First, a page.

845-9559 x237 •

Fax: 845-9550

Oregon Observer 02/20/2014


For mo Con

Copy Reduced to 91% from original to fit letter page



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Photo by Anthony Iozzo

Senior Chad Walsh (160 pounds) goes for a pin in the first-place match Saturday, Feb. 15, in the Sun Prairie regional at Sun Prairie High School. Walsh won the match with a 4-2 win over Matt Blome (Mount Horeb/Barneveld) to win the regional title and make sectionals. Seniors Jawon Turner (120), JJ Rogers (132), Matt Sampson (182) and Andrew Nyenhuis (195) also made sectionals.

Healthy and ready to roll Walsh wins regional title, four others join him at sectionals Anthony Iozzo Assistant sports editor

Injuries have hampered the Oregon High School wrestling career of senior Chad Walsh. Coming in as a top-ranked prospect as a freshman, he missed out on the playoffs his first two seasons and missed much of last season, hurting his chances down the

Girls basketball

If you go What: WIAA Division 1 Oconomowoc sectional When: 10 a.m. Saturday Where: Oconomowoc High School stretch. But this year, Walsh is finally healthy, and he is making his push toward a state berth. That push started last Saturday at Sun Prairie High School when Walsh edged Matt Blome (Mount Horeb/Barneveld) 4-2 to win the

Photo slideshow from regionals will be attached to story Friday 160-pound regional title. “Finally being able to make it this far without getting hurt gives me a little more motivation,” Walsh said. “That is something I haven’t been able to have because of my injuries. … I am happy to be healthy.” Walsh trailed 2-1 after two periods against Blome, but he scored on an escape and later picked up a takedown to take the 4-2 lead. Walsh was able to hold control the

rest of the match to hold on for the win. Earlier in the day, Walsh, ranked No. 9 on, knocked off Patrick Reilly (Stoughton) in a 13-4 major decision. “Coming off of conference, I ended up getting second, but I felt I wrestled pretty good and I was confident going into regionals,” Walsh said. “I knew I just needed to wrestle hard and I would come out on top.” Walsh may have been the only champion Saturday, but he isn’t

Turn to Regionals/Page 10

February 20, 2014 8:38 pm /

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wood City, Wisconsin 54013

Wednesday, March 5, 2014

Glenwood City, Tribune Press Reporter 03/05/2014

g zone

nes and for gulations and ocal control,

Johnson captures state title

ature approves ation, it would ng process for away from the , he said. on members ould not be in control over a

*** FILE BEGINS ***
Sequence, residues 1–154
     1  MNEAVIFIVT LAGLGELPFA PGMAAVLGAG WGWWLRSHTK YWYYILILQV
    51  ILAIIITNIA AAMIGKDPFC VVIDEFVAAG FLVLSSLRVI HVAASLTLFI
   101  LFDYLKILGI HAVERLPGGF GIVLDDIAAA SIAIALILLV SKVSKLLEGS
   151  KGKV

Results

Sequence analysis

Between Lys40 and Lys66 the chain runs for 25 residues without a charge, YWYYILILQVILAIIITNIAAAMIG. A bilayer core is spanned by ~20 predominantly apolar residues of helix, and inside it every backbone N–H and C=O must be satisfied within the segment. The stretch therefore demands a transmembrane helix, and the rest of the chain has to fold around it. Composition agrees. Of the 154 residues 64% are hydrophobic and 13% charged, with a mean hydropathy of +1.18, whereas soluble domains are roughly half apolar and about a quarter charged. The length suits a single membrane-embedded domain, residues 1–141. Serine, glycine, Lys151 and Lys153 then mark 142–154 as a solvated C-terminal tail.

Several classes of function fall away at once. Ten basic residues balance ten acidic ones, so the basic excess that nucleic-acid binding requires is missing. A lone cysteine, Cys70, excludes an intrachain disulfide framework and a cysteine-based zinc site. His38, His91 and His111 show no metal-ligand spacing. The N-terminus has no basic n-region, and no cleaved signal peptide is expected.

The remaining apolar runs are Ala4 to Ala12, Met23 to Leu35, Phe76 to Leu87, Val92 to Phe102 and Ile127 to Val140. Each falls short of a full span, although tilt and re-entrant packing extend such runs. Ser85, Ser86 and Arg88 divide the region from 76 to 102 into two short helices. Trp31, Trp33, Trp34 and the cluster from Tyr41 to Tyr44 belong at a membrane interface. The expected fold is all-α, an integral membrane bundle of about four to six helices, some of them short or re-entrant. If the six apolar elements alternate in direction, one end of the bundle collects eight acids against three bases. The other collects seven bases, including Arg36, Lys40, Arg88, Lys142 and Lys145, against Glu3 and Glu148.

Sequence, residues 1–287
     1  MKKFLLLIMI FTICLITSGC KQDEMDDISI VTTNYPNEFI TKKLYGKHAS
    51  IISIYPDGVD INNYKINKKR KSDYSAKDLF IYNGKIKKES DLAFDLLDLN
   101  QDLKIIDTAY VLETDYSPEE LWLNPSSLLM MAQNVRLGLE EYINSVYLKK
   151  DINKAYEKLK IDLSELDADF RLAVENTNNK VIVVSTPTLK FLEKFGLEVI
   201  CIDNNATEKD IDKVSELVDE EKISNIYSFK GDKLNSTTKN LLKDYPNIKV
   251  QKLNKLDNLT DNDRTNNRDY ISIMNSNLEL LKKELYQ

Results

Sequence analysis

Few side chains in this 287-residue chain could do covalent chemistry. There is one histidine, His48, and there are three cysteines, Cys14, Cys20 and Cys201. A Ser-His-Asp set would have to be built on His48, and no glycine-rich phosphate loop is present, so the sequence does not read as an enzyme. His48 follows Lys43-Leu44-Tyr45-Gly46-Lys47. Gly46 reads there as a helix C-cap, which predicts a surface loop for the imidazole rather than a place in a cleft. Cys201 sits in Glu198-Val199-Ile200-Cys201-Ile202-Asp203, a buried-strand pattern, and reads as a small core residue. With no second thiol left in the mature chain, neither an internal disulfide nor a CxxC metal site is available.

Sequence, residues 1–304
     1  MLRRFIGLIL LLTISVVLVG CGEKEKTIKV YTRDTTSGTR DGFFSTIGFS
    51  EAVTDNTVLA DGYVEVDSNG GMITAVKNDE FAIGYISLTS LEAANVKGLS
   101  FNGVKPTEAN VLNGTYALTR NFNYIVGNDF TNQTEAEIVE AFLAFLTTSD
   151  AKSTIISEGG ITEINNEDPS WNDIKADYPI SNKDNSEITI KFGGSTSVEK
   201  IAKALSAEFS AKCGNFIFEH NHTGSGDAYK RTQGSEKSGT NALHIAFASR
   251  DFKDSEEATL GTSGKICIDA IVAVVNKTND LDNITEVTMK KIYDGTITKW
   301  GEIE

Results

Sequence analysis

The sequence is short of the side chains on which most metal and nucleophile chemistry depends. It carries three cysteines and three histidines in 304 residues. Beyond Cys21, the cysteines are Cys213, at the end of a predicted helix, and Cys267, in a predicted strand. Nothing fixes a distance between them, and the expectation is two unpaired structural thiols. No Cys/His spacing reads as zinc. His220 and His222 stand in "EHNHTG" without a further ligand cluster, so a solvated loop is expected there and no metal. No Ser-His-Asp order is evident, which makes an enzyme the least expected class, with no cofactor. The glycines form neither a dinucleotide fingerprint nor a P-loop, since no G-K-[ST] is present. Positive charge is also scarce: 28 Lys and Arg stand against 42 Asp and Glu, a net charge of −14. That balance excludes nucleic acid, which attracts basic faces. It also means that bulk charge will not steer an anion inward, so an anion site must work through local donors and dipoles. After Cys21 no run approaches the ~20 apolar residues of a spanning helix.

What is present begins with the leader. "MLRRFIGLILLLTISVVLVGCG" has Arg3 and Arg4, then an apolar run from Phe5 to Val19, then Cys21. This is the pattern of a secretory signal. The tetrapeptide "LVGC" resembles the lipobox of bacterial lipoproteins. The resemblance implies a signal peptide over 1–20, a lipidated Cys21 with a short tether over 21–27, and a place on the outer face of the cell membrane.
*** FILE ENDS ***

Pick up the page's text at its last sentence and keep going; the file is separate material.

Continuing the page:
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e g i s l a t u r e ’s Wo r k f o r c e estry, Mining, a joint hearing islation March Committee on Mining.

oning changes e reclamation ing ordinance ad adopt St. ne reclamation eimer said. 135, the ural Resources de that covers reclamation, its own mine nance or can

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has a degree onomics from isconsin-River in Hotel and gement from isconsin-Stout. stitute teacher mond School e volunteers Imagination, on, DECA and hip Committee

n, his decision sor was quite an open seat the citizens of unrepresented.

STANDING AS HIS HEAD for a win was Boyceville freshman phenom Micha Johnson, right, as rolled through a move with Westby’s Ross Withington in Friday night’s Divsion 3, 138-pound state semifinals match. Johnson soundly defeated the second-ranked Withington 12-3 in the match and went on to win the state title the following night. —photo by Shawn DeWitt

Tainter photographer charged with felony By LeAnn R. Ralph MENOMONIE — A 55-yearold Town of Tainter resident has been charged with one felony and one misdemeanor for secretly videotaping a woman at his photography business while she changed clothes in a bathroom in between photo shoots. James E. Kernan, the owner of “Picture Perfect Photography” located on 562nd Street in the Town of Tainter, made an initial appearance in Dunn County Circuit Court February 25 on one felony count of capturing an image of nudity and one misdemeanor count of invading privacy by using a surveillance device. Deputies with the Dunn County Sheriff ’s Department arrested Kernan after a 25-yearold woman contacted the Dunn